Synopses of Important Articles

1893 The Biblical World  
The passage is a criticism passed by Christ upon the generation to which he belonged, in respect to their treatment of John the Baptist and himself. Characteristically he has embodied his rebuke in a figure of speech, and has drawn from child life. A game is described in which children imitated first a marriage, one piping and the others dancing about him; then a funeral, one wailing, the others following mourning. Construing Christ's figure, who are represented by the children who complain to
more » ... en who complain to their companions ? There are two views: (I) that they are Jesus and John the Baptist; (2) that they are the Jews in general. The latter view comes from a too literal adjustment of the parallels; the phrase "it is like" is simply a link by which the thing to be illustrated is loosely connected with the illustration, which is then developed as a picture with perfect freedom. Further, were not John and Jesus the innovators, who proposed the new departures, but could not get their contemporaries to join ? Is it historical to say that fickleness and an excessive disposition to change were the characteristics of the age of Jesus? An additional argument against the second view, sentimental indeed but not therefore without weight, is that it takes all the sunshine out of the picture of child life which the illustration presents, and would Jesus have been likely to do that ? By the first view nothing is lost, because all that is really brought out by the second is included; and there is everything to gain. The discussion is rather an exegetical than a practical one, as the general meaning and point of the parable are the same under any explanation. It is a little sur-. prising that Dr. Stalker (with Godet) has gone back to the old interpretation of the passage, as against many recent commentators (Lange, Meyer, Weiss, Holtzmann, Bruce, Schaff, et al.) His principal reason for doing so is to avoid certain alleged violence done the history by the more recent view, which he cites in order to refute. But the difficulty is a conjectural and not a real one. Excessive pressure is brought to bear upon the figure to make it yield historic detail. The error of literalism which Dr. Stalker decries in his first argument characterizes his second. The figure of the parable introduces us to children at play in the streets with their customary youthful games of mimicry. Some wish to have a mock marriage, but their fellows refuse to join in their gayety; then they propose a mock funeral, but still they will not respond. In fact, they are childish, insincere and unreasonable. And just so, says Jesus, are the men of this generation. Nothing which is genuinely religious will suit them, because they do not wish to be suited. If Jesus and John have to be identified either with the children who propose the games or with those who refuse to play, the manner 298 This content downloaded from 138.073.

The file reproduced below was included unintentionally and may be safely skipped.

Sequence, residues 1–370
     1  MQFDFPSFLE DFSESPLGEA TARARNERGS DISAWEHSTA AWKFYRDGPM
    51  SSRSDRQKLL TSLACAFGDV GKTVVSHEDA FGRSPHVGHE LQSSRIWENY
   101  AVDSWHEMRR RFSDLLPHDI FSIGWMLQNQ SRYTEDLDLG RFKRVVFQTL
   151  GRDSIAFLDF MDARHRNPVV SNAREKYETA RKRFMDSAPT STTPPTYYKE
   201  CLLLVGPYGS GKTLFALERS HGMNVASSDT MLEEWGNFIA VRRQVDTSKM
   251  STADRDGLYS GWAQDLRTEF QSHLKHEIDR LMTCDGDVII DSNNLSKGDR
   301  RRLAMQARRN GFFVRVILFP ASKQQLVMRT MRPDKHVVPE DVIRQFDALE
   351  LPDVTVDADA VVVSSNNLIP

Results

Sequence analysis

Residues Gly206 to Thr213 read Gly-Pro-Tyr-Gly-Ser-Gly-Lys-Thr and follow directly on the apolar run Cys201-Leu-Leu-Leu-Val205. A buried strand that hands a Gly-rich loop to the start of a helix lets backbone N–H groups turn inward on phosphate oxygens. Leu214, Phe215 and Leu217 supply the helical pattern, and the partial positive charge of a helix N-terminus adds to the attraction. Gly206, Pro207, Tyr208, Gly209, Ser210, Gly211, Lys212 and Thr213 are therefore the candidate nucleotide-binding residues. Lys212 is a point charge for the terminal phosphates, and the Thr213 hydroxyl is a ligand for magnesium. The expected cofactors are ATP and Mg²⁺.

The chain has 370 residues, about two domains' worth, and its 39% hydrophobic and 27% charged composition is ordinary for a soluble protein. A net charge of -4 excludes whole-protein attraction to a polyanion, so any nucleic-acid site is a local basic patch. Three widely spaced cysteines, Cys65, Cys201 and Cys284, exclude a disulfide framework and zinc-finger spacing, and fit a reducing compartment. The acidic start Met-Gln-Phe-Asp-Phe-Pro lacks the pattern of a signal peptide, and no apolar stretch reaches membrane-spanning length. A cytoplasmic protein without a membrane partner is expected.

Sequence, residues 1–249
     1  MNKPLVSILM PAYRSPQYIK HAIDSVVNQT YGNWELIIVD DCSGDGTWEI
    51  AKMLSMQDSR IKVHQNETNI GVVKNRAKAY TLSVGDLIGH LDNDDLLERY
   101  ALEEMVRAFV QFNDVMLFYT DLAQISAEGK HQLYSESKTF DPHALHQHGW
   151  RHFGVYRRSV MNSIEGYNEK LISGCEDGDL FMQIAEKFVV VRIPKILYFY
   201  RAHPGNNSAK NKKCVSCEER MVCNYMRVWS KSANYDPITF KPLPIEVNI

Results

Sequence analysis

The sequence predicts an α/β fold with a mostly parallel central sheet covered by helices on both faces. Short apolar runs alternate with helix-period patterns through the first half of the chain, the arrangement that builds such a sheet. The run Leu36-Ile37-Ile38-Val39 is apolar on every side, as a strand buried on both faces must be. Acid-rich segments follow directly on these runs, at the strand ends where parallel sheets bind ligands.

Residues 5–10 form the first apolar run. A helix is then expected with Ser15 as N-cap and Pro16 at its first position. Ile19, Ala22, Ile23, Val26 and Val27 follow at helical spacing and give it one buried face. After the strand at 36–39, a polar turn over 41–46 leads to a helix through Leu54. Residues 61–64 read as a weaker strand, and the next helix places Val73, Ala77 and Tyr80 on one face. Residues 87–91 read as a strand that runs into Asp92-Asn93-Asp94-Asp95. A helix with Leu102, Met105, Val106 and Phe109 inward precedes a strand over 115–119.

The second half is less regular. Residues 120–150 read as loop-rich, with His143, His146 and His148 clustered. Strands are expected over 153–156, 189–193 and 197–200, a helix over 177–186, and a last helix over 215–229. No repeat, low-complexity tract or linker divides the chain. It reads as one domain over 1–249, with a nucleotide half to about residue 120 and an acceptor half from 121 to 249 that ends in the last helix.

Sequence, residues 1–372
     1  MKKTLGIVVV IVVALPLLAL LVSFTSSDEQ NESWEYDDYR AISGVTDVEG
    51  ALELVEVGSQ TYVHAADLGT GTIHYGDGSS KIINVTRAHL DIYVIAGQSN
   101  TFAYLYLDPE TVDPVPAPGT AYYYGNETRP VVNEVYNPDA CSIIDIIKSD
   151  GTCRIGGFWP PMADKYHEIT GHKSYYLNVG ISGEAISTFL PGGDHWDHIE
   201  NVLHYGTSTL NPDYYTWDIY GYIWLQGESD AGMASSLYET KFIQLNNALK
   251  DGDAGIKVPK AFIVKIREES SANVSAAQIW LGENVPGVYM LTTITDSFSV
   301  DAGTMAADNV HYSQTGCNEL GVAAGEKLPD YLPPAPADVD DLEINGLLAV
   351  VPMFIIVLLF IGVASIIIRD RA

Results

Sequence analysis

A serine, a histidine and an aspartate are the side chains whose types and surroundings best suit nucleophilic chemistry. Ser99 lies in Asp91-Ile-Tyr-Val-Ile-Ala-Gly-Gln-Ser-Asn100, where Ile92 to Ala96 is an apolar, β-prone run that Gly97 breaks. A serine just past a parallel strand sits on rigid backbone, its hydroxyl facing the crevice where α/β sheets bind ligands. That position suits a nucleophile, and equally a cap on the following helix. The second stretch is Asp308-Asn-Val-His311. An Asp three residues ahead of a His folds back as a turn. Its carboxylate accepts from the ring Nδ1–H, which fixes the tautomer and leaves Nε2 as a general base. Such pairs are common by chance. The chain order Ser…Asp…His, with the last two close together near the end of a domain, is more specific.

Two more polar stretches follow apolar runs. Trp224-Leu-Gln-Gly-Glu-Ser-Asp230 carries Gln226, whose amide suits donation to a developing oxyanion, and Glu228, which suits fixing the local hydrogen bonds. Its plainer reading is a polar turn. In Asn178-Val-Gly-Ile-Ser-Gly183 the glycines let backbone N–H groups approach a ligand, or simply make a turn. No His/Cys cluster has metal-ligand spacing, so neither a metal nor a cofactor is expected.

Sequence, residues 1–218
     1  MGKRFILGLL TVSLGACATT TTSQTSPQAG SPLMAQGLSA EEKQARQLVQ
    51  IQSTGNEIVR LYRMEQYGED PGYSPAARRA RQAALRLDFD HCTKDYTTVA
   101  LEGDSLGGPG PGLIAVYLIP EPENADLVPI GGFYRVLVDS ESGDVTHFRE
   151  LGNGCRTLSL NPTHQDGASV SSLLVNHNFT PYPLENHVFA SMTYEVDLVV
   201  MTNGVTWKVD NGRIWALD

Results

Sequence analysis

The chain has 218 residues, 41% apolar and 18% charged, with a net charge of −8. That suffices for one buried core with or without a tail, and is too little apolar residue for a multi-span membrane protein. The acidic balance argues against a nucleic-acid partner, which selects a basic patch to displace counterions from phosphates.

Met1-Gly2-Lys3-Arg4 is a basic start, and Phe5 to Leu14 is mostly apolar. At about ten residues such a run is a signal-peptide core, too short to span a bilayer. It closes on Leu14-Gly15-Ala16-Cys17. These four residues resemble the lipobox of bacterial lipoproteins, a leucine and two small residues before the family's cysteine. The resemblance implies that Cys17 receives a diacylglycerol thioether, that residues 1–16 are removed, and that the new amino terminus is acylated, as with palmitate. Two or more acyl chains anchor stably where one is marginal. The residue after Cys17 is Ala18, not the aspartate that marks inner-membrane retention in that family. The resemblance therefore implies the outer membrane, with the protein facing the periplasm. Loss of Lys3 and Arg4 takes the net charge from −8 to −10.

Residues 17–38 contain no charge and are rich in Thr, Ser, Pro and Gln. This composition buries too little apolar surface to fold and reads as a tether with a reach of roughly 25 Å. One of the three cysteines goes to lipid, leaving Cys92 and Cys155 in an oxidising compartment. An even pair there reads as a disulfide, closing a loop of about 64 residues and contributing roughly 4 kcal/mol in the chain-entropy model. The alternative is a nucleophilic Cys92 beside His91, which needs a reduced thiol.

doi:10.1086/471214 fatcat:3ob3g5myknf4xj4ao6zsfcz5wq